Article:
May 17, 2020

South Africa mining unions reject latest offer from gold producers

South Africa
Harmony Gold
AngloGold Ashanti
2 min
South Africa mining unions reject latest offer from gold producers
In the fight for fair salary wages, South African mining unions arent backing down. On Monday, the unions rejected the first pay offer presented by gold...

In the fight for fair salary wages, South African mining unions aren’t backing down. On Monday, the unions rejected the first pay offer presented by gold mining companies, sticking to their demand for a wage increase of more than 80 percent, according to Bloomberg.

“We want the money,” said Livhuwani Mammburu, a spokesman for the National Union of Mineworkers on Monday.

The proposed offer from AngloGold Ashanti, Sibanye Gold, Harmony Gold, Evander Gold Mines and Village Main Reef included wage increases ranging from 7.8 percent to 13 percent, based on a five-year deal, with a  five percent increase in the first year. In addition, share of profits and improved job security and living conditions were included in the offer.

• Related content: Wage negotiations get underway for South Africa's gold miners

The unions, which include the National Union of Mineworkers (NUM), Association of Mineworks and Construction Union (Amcu), Solidarity and United Association of SA (Uasa), have all refused the offer.

Instead, the unions are demanding gold producers to raise the basic pay for underground workers to 10,500 rand (US$846) a month from 5,700 rand (US$456), and to raise basic pay for above-ground employee to 9,500 rand (US$760), including a 15 percent increase for all other categories.

“In large part, all four unions retained their demands without any movement,” Charmane Russell, a spokeswoman for the gold producers, told Bloomberg.

Russell said talks will continue on Tuesday as the “companies remain committed to reaching agreement based on the sustainability of the industry and the retention of jobs.”

The latest rejection appears to be the first signs of a long and difficult road in appeasing both sides.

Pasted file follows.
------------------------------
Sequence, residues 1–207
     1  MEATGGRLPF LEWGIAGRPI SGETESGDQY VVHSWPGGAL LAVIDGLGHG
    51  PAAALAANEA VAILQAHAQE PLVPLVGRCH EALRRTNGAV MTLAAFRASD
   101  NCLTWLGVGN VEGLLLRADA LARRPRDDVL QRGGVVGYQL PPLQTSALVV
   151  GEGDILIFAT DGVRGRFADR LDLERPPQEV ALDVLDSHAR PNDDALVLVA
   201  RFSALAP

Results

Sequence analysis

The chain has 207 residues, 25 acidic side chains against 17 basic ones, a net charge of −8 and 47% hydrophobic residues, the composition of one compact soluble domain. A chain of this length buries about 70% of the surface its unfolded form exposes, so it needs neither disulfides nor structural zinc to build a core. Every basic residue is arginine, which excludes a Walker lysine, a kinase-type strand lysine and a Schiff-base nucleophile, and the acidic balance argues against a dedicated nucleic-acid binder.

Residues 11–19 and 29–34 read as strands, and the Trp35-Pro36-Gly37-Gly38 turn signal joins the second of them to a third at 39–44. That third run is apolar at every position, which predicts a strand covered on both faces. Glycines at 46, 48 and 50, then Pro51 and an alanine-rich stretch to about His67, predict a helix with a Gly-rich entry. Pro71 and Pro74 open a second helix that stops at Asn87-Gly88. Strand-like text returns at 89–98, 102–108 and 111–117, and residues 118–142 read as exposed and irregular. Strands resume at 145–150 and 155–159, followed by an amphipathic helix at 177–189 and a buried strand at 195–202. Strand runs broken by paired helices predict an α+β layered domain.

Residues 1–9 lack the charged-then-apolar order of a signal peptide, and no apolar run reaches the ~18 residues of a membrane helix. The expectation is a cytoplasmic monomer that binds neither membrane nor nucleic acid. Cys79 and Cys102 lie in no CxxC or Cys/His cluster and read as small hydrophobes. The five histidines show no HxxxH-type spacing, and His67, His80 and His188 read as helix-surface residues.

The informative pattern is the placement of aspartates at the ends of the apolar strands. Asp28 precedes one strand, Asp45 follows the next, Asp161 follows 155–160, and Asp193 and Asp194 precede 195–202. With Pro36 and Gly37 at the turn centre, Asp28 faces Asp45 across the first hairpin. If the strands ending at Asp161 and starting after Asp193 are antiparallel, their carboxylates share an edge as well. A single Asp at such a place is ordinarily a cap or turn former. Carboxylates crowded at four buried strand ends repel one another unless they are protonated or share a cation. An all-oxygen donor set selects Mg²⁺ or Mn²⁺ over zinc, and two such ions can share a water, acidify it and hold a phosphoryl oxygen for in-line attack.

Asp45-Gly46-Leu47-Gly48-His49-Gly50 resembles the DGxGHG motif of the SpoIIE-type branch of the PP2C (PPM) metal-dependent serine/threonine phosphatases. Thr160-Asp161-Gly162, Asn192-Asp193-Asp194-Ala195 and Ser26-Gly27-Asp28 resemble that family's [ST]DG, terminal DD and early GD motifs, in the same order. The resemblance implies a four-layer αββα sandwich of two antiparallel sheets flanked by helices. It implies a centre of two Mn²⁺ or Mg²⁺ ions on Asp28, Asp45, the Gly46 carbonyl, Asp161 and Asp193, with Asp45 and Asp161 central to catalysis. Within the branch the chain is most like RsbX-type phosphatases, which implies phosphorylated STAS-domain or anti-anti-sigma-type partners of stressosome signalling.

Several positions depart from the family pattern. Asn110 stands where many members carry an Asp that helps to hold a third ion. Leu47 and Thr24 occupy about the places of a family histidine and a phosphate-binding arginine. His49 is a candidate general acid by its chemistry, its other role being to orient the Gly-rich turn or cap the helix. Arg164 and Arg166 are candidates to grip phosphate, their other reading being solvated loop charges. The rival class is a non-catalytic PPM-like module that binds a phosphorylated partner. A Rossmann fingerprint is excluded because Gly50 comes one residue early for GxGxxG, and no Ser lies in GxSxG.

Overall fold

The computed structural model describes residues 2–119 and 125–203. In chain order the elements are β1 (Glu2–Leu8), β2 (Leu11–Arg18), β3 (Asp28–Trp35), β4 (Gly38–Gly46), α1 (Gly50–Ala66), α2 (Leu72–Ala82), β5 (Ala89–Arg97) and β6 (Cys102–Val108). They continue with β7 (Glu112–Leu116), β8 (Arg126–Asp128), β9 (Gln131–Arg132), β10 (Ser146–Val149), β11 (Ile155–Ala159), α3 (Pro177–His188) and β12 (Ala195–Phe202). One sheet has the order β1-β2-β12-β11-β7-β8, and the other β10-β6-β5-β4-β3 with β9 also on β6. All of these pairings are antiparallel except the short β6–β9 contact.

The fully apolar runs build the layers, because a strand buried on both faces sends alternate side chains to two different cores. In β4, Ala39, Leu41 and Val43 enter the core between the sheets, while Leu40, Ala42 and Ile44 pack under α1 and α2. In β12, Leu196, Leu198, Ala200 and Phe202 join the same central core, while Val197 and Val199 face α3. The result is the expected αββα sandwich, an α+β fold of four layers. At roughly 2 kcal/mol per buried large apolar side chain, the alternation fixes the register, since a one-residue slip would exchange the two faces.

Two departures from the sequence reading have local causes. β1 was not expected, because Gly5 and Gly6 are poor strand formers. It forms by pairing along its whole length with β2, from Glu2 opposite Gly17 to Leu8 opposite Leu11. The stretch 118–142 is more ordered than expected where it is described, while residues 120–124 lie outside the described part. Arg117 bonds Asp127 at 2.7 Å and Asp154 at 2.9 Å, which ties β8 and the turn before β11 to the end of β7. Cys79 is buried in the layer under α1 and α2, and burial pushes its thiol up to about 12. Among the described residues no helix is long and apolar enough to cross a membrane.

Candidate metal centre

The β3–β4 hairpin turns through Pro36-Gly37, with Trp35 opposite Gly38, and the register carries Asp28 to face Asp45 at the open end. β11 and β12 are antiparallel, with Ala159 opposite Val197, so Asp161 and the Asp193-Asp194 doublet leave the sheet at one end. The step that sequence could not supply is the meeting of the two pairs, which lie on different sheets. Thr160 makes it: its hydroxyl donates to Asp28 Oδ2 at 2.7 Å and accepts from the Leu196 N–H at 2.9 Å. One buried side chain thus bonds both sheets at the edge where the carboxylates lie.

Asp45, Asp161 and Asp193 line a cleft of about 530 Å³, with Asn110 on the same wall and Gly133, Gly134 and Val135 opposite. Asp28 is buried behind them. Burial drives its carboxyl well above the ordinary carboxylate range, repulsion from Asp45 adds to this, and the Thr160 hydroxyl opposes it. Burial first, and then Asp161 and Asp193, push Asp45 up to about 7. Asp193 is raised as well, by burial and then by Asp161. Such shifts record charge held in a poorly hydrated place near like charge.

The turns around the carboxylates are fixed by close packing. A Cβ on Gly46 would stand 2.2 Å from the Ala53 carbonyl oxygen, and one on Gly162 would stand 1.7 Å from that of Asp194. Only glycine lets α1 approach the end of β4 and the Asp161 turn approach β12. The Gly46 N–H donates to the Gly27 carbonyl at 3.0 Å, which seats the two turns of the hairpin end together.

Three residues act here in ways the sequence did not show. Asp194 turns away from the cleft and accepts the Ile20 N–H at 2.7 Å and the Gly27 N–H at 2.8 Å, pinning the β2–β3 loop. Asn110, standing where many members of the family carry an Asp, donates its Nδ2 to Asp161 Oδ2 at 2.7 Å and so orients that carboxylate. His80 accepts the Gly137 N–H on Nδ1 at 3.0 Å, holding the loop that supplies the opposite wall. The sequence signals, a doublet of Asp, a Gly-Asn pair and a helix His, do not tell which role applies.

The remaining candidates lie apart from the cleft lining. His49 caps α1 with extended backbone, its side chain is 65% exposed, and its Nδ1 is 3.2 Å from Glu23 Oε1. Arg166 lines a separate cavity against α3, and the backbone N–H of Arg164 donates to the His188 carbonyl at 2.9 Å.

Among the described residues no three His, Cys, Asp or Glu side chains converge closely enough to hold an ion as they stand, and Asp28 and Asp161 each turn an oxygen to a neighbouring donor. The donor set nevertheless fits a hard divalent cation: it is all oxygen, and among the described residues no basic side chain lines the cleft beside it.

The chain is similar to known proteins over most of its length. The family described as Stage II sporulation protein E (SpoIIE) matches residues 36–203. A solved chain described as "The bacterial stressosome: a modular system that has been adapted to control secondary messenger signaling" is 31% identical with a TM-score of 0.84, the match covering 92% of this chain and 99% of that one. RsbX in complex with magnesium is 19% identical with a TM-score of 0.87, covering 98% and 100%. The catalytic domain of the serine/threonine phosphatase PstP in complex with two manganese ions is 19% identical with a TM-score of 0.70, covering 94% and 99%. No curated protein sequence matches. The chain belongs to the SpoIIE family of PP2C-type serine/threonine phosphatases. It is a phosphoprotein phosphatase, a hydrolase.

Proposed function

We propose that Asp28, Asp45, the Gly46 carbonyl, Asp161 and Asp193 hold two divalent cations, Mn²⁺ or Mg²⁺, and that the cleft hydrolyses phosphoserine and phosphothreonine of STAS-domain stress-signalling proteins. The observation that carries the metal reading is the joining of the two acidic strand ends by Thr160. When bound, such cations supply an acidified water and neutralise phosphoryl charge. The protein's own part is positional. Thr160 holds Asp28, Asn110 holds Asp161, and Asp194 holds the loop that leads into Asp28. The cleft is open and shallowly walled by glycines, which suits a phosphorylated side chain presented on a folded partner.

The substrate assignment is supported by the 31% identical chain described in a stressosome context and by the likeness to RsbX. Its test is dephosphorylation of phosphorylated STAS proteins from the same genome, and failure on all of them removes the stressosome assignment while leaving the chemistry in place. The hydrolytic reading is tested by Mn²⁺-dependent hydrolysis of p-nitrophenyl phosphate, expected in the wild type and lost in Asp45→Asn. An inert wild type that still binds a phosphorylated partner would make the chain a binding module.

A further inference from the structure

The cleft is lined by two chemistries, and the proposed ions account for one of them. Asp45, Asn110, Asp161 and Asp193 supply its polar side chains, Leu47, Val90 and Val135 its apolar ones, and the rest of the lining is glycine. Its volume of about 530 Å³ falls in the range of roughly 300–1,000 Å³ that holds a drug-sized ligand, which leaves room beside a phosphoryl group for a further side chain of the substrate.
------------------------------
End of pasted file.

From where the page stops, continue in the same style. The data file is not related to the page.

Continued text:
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May 6, 2021

Copper, iron ore surge as Chinese investors unleash demand

Iron ore
3 min
Iron ore broke $200 a tonne for the first time, while copper approached a record high as Chinese investors unleashed fresh demand following May holiday

The reopening of major industrial economies is sparking a surge across commodities markets from corn to lumber, with tin climbing above $30,000 a tonne for the first time since 2011 on Thursday.

In the wake of mounting evidence of inflation fuelled by higher raw materials prices, investors are also increasingly focused on when the U.S. Federal Reserve might start throttling back its emergency support.


Many banks say the rally has further to run, particularly for copper, which will benefit from rising investment in new energy sectors. Copper is at the highest in a decade, fueling bets it will rally further to take out the record set in February 2011. Steel demand is surging as economies chart a path back to growth just as the world’s biggest miners have been hampered by operational issues, tightening ore supply.

“The long-term prospects for metals prices are ‘too good’ and point to higher prices in the next few years,” said Commerzbank AG analyst Daniel Briesemann. “The decarbonization trends in many countries, which include switching to electric vehicles and expanding wind and solar power, are likely to generate additional demand for metals.”

Trading house Trafigura Group and several major Wall Street banks including Goldman Sachs Group Inc. and Bank of America Corp. expect copper to extend gains.

Copper rose as much as 1.6% to $10,108.50 a ton on the London Metal Exchange before trading at $10,080 as of 4:07 p.m. in London.


Iron Ore

Benchmark spot iron ore prices rose to a record, while futures in Singapore and China climbed.

The boom comes as China’s steelmakers keep output rates above 1 billion tons a year, despite a swath of production curbs aimed at reducing carbon emissions and reining in supply. Instead, those measures have boosted steel prices and profitability at mills, allowing them to better accommodate higher iron ore costs.

Spot iron ore with 62% content hit $201.15 a ton on Thursday, according to Mysteel. Futures in Singapore jumped as much as 5.1% to $196.40 a ton, the highest since contracts were launched in 2013. In Dalian, prices closed 8.8% higher.

Erik Hedborg, Principal Analyst, Steel at CRU Group commented: “Recent production cuts in Tangshan have boosted demand for higher-quality ore and prompted mills to build iron ore inventories as their margins are on the rise. Iron ore producers are enjoying exceptionally high margins as well, around two thirds of seaborne supply only require prices of $50 /dmt to break even.”


Still, some analysts including Commerzbank’s Briesemann expect a short-term correction as metals become detached from fundamentals. There’s also a risk that China could engage in policies that may cool demand for iron ore and copper.

The metals rally has boosted concerns about short-term Chinese demand. Some manufacturers and end-users have been slowing production or pushing back delivery times after costs surged, while weaker-than-expected domestic consumption has opened the arbitrage window for exports.

Tin climbed as much as 2% to $30,280 a ton on the LME, boosted by rising orders for the soldering metal. Tin is at the highest since May 2011, with a 48% gain this year making it the best performing metal on the LME.



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